Is there a “Rosebud” object in your past? A long-vanished thing that lingers in your memory—whether you want it to or not? As much as we may treasure the stuff we own, perhaps just as significant are the objects we have, in one way or another, lost. What is it about these bygone objects? Why do they continue to haunt us long after they’ve vanished from our lives?
In Lost Objects, editors Joshua Glenn and Rob Walker have gathered answers to those questions in the form of 50 true stories from a dazzling roster of writers, artists, thinkers, and storytellers, including Lucy Sante, Ben Katchor, Lydia Millet, Neil LaBute, Laura Lippman, Geoff Manaugh, Paola Antonelli, Margaret Wertheim, and many more. Each spins a unique narrative that tells a personal tale, and dives into the meaning of objects that remain present to us emotionally, even after they have physically disappeared.
To bring this collection of essays even more vividly to life, the editors gathered a similarly impressive array of artists to illustrate these meaningful things that have gone missing. Visual contributors include Seth, Kate Bingaman-Burt, Oliver Munday, Lisa Congdon, Matt Wuerker, Anita Kunz, Alex Eben Meyer, Gary Panter, and Kelli Anderson.
Glenn and Walker began Lost Objects following the success of Significant Objects, a project-turned-book collecting fictional stories inspired by thrift store finds. With Lost Objects, they have shifted to nonfiction narratives in their continuing exploration of objects and meaning.
Supplemented by additional analyses from the editors and an original foreword from noted design writer Debbie Millman, the book combines evocative storytelling, art, and design, rewarding deep readers and visual thinkers alike. We have all lost something that was meaningful—and that we’ll never forget. While we may never recover this Rosebud, Lost Objects will teach us something new about why it mattered in the first place, and matters still.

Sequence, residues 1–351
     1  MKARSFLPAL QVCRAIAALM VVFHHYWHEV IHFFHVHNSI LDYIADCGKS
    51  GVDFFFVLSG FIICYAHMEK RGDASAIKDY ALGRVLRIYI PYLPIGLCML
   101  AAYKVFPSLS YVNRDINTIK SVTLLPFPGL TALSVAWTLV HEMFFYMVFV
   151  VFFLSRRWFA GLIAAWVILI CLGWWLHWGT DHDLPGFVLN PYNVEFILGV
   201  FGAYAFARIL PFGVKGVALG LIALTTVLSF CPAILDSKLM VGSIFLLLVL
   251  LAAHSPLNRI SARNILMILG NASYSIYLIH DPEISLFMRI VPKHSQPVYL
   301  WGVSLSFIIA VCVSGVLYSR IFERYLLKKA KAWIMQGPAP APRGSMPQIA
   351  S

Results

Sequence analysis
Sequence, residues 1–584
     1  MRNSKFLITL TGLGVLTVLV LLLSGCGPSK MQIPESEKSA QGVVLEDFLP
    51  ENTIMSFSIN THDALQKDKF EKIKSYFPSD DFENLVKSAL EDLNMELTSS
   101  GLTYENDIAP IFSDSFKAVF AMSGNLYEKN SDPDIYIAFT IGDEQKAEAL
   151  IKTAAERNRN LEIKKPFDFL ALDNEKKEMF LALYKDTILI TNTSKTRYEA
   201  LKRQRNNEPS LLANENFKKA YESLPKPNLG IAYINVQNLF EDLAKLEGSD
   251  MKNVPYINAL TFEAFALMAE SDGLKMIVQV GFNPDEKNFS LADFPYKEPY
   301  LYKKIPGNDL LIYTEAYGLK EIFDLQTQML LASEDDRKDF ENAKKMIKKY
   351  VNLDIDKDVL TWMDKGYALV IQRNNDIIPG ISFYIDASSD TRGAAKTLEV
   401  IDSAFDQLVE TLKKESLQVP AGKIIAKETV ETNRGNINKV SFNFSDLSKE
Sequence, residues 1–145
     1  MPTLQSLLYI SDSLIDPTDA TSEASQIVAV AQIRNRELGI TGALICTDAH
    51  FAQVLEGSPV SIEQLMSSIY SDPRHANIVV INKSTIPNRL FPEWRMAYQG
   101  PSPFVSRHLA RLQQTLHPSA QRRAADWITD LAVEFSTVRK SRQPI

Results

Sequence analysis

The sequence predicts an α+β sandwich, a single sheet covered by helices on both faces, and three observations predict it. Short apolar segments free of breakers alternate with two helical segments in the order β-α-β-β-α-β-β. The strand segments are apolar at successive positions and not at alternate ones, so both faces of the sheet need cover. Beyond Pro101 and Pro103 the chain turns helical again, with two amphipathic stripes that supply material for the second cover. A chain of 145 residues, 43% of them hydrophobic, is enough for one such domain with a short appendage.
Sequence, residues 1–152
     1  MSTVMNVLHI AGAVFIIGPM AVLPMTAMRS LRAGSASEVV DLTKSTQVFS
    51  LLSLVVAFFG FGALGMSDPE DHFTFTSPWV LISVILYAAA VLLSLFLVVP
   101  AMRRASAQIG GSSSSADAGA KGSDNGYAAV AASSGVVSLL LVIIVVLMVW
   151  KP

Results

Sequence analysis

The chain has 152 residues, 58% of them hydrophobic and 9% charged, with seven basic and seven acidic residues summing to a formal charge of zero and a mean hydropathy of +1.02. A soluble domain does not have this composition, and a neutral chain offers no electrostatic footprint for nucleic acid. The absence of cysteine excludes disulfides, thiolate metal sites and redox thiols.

We recommend that guests wear masks on the night.
Dan Fox is the author of Pretentiousness: Why It Matters and Limbo. He has been a co-editor of Frieze magazine and is, with Marcus Werner Hed, co-director of the documentary Other, Like Me: The Oral History of COUM Transmissions and Throbbing Gristle. He co-runs the label Junior Aspirin Records, and is a member of the band The God in Hackney.
Joshua Glenn is a consulting semiotician and coauthor of The Adventurer’s Glossary, Unbored: The Essential Field Guide to Serious Fun, and (with Rob Walker) Significant Objects, among other books. He is editor of HILOBROW.com and the MIT Press’s Radium Age series.
Mimi Lipson is a writer living in New York City. Her short story collection, The Cloud of Unknowing, was published in 2014 by Yeti Press.
Debbie Millman is host of the podcast Design Matters, Chair of the Masters in Branding Program at the School of Visual Arts, Editorial Director of PrintMag.com, and the author of seven books on design and branding. Her book Why Design Matters: Conversations with the World’s Most Creative People was published by HarperCollins earlier this year.
Stephen O’Connor is the author of six books: Thomas Jefferson Dreams of Sally Hemings, a novel; Here Comes Another Lesson, short stories; and the forthcoming collection of poetry, Quasimode. His fiction has appeared in the New Yorker, Harper’s, Best American Short Stories, and many other places. He teaches creative writing at Sarah Lawrence.
Lucy Sante’s books include Low Life, The Factory of Facts, Kill All Your Darlings, The Other Paris, and Maybe the People Would Be the Times. Nineteen Reservoirs will be published in August. She teaches at Bard College.
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